If I may draw an analogy from the OT: the titles of books of the OT show considerable fluidity. Not many of them present themselves as having a fixed title, except some of the prophetic works and Song of Songs. The book of Esther is known as the book of Ahasuerus (e.g. in the Aberdeen Codex of the Hebrew Bible).

    Perhaps therefore there is a case for limiting canonicity to the text of the epistles themselves while accepting that all our copies of the text of the epistles may stem from a single edition of these works at some subsequent point.


  11. Yes, I'm not too sure that 'running header' is the best terminology. But it seems like a reasonable as an explanation of the NA27 info. And that is how it functions - throughout Vaticanus you get these running headers above the text block and centred in what we might describe as the header area.
    You can see examples at the following:

    But maybe there are times when the running header coincides with the start of a new book and the running header takes on the function of a title. E.g. for Hebrews:

    The inscriptio/title would normally come within the text block.

    I'm not in the office, so I can't check the facsimile for the overall picture I'm afraid.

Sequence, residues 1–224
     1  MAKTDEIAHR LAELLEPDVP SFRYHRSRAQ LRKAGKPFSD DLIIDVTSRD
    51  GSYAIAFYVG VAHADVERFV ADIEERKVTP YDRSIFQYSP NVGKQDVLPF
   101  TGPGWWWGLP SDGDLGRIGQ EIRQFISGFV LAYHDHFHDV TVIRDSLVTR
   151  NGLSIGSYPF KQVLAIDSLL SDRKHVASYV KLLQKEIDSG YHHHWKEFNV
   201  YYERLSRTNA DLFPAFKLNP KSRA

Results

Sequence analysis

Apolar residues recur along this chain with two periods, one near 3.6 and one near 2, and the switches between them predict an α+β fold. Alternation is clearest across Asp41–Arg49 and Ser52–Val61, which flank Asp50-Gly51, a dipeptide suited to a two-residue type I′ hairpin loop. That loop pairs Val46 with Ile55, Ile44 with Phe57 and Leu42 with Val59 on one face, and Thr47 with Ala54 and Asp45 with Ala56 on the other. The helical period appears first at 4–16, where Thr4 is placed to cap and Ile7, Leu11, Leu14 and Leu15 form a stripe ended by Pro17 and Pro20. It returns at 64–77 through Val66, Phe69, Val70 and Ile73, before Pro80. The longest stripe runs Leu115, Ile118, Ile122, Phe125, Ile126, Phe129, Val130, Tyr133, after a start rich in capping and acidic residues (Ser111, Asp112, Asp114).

12. Eric's dates for the titles seem a little on the optimistic side to me.

    If Paul collected his own letters (or the early collection if you follow Trobisch's first book), then for this Pauline collection anyway the 'initial text' which initiates the textual tradition is the same as the final authorial text although not the same as the original text.

    Presumably in this scenario there are two 'inspired' texts of Romans, but only one that we know anything about.



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  14. I don't have any problem with the idea of 2 inspired texts of Romans, only one of which we know anything about. In such a case, the one about which we evangelical text critics care is conveniently also the one about which we know. Whatever inspired texts may have existed beyond what we have received are irrecoverable and inscrutible.

    As to the titles of the OT. There are a couple issues that impact that matter that don't apply to the NT.

    First, for the OT, the textual history of each book is unique, having been copied in a single scroll without other books for centuries before Christians included them (in their Greek translation) in codices. This is very unlike the NT, where books were grouped together very early, perhaps even (in the case of Paul's letter collection) from the very beginning. Because of this fact about the early textual history of the OT books, titles didn't have the same importance as distinguishing one book from another within a codex that they have in the NT. Of course synagogues would have needed to distinguish one scroll from another with some sort of title. But any given synagogue may have only had a few books in the generations before Jews began using codices.